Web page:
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Century Arms WASR-10: An Imported Romanian AK

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Century Arms offers a wide variety of popular firearms, from pistols to rifles and shotguns. One of the company’s best-known products, however, is the WASR-10, with a design just about as identical to the AK-47 as you can get today. It’s not fully automatic, for example, and the company installs quality American hardware that improves performance while complying with Federal regulations.

The semi-automatic is manufactured by Cugir Arms Factory, which is located in Romania and traces its roots back to the Austro-Hungarian empire. The company has a long history of producing reliable firearms that perform, likely the sole reason it survived the oppressive communist rule the country and its citizens endured for decades after World War II.

Wassenaar Arrangement Semi-automatic Rifles doesn’t roll off the tongue well, so the company wisely shortened it to WASR. The number “10” in the name is remnant from a time when a restrictive federal assault weapons ban mandated that any imported firearm could only have a magazine capacity of 10 cartridges. Today’s versions accept standard double-stack, 30-round, AK-47 magazines thankfully.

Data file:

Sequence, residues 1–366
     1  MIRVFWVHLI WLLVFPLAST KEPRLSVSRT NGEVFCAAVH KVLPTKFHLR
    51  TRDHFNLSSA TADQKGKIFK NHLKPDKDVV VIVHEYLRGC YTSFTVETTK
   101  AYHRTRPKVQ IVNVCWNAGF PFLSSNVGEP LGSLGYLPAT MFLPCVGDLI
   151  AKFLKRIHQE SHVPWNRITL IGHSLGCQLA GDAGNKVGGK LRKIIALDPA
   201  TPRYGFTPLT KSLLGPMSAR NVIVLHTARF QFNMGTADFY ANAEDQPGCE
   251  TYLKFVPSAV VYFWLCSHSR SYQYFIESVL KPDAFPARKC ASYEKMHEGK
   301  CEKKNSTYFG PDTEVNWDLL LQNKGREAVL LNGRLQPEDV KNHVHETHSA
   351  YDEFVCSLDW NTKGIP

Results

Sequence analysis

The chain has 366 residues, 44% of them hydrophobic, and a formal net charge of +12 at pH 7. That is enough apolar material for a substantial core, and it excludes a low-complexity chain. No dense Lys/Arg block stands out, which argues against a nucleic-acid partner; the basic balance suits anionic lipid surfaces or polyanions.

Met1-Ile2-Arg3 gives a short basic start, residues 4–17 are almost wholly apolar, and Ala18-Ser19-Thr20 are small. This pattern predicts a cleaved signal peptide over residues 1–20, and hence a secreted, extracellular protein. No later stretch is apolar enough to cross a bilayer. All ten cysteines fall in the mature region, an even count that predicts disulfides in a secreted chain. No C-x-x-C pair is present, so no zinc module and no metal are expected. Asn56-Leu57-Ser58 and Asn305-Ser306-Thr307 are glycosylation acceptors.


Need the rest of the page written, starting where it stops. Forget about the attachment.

Century Arms currently offers four models of the WASR-10, including one that’s California compliant. Each are chambered in 7.62×39 mm and have a 16.25″ barrel with a rifling rate of 1:10″. Barrels are chrome-lined and hammer forged. The guns ship with a side-mount scope rail.

Overall length is 34.25″ throughout the line, including the WASR-10 UF, which has an under-folding stock. With the exception of the California-complaint model, the guns ship with a 30-round U.S. Palm polymer magazine. Enthusiasts in the Golden State will receive a 10-cartridge version and fin grip instead of the traditional pistol grip. The entire line has been fitted with the RAK-1 Enhanced Trigger Group.

MSRP for the standard version is $1,100. The California and folding-stock models come in at $1,200. If you’re willing to give up the bayonet lug and are okay with a muzzle nut, the price drops to $1,050.

Article by GUY J. SAGI


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